The Angels’ Mike Trout has a sweet swing. Maybe you admire Red Sox DH David Ortiz's a little more, though. Either way, if you want to know how your swing stacks up to those of these MLB superstars, a new partnership between Zepp and the MLB Players Association gives you pinpoint comparisons via the updated Zepp swing analytics platform.
Zepp has for some time offered devices that measure a user's baseball or golf swing or tennis stroke. The new deal with MLB, as well as another with PGA professionals—Keegan Bradley, for example—opens up a new realm of swing comparison that employs 3-D analytics and video, captured through an app and on-device sensor, to deliver real-time data on your swing, All-Star worthy or not.
John Mallee, an MLB hitting coach, tells Edge that the ability of Zepp to take the guesswork out of instruction gives him a way—in three dimensions, no less—to look at swings as he never has before.
“When players are able to see their swing in 3-D, they get immediate feedback,” he says. “They remember what it felt like when they swung and look at the metrics on the app. They can try a different thing on a swing and look and see if it was better.”
Mallee says his job revolves around finding each player’s natural motion and pinpointing ways to increase bat speed while getting to the ball quicker.
“There is no guessing,” Mallee says. “Do this and get a result. The feedback is in real time. It takes out the ‘I think you should do this’ as they figure it out on their own. You want it as natural and rhythmic as possible and the device helps with immediate feedback.”
Mallee knows his metrics. He wants his players—now the Cubs—to match their bat’s attack angle research. The average baseball comes through the hitting zone at 92 mph at a six-degree decline. A breaking ball has a 10-degree decline. Mallee needs players to have the shortest time from launching their swing to impact—the really good players start their swing with 25 percent of the ball’s path left, while some struggle with hand speed and have to start when the ball is halfway there—and wants that bat to stay on the proper hitting plane as long as possible, “so timing doesn’t have to be precise.”
With launch to impact speed, bat speed and the bat’s angle critical for a player at any level, Mallee says, Zepp’s ability to capture those metrics in real-time gives him the data he needs to help players. As they swing, they can match their physical feelings with detailed data. Right then and there.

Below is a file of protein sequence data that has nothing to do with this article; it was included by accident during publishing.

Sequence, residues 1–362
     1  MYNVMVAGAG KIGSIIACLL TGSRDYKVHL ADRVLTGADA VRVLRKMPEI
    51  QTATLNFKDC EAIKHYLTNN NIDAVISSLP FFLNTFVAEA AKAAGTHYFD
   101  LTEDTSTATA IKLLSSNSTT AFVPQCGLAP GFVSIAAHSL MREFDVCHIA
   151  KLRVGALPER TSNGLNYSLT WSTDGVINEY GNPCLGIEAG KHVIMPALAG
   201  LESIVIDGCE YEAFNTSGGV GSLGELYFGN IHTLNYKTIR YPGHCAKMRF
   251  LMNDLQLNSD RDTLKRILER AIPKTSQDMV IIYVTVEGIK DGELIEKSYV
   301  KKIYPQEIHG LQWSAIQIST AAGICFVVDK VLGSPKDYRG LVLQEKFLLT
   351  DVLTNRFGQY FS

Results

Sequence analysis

“This is the new medicine for baseball understanding,” he says. Research shows that line-drive hitters need an eight- to 15-degree launch angle with a bat speed of 90 mph to increase the odds of a hit to 70 percent. Sluggers raise that angle to 22 to 35 degrees for a home run 50 percent of the time. Now, Mallee says, knowing what needs to happen and seeing if it actually is happening gives hitters the understanding they need to develop and maintain the proper, natural swing.
While the Zepp platform can work without a sensor, the sensors, which connect to the end of a bat, golf club or tennis racket, capture a thousand data points per second via a dual accelerometer and three gyroscopes.
With Zepp algorithms, that data gets turned into metrics. The five key measurements in baseball, Trevor Stocking, Zepp baseball product manager, tells Edge, include bat speed at impact, something previously only recorded as overall bat speed; hand speed, which helps define how quickly players go from launch to impact; time to impact; various angles of the bat; and the bat’s path.
The first major update since Zepp launched in late 2013 includes the ability to record a swing and see 3-D renderings, among other improvements, such as allowing multiple players to use one sensor, allowing teams to take on just one sensor and utilize it for the entire roster.
Whether it's being used by an MLB superstar or a 10-year-old aspiring Little Leaguer, the app comes complete with tutorials, drills to address specific deficiencies, video tips from professionals, opportunity to compare your swing side-by-side with a professional and analytics aplenty of your own swing. “A user isn’t just left with a metric,” Mallee says. “It really helps players develop at a faster rate.”
Mike Trout, via Zepp, says he tried to mimic Derek Jeter’s swing growing up, but didn’t know if he was doing it right or wrong. With Zepp, the kids of today can mimic Trout and know just how close they’ve come to his pro-level swing.
Tim Newcomb covers stadiums, design and gear for Sports Illustrated. Follow him on Twitter at @tdnewcomb.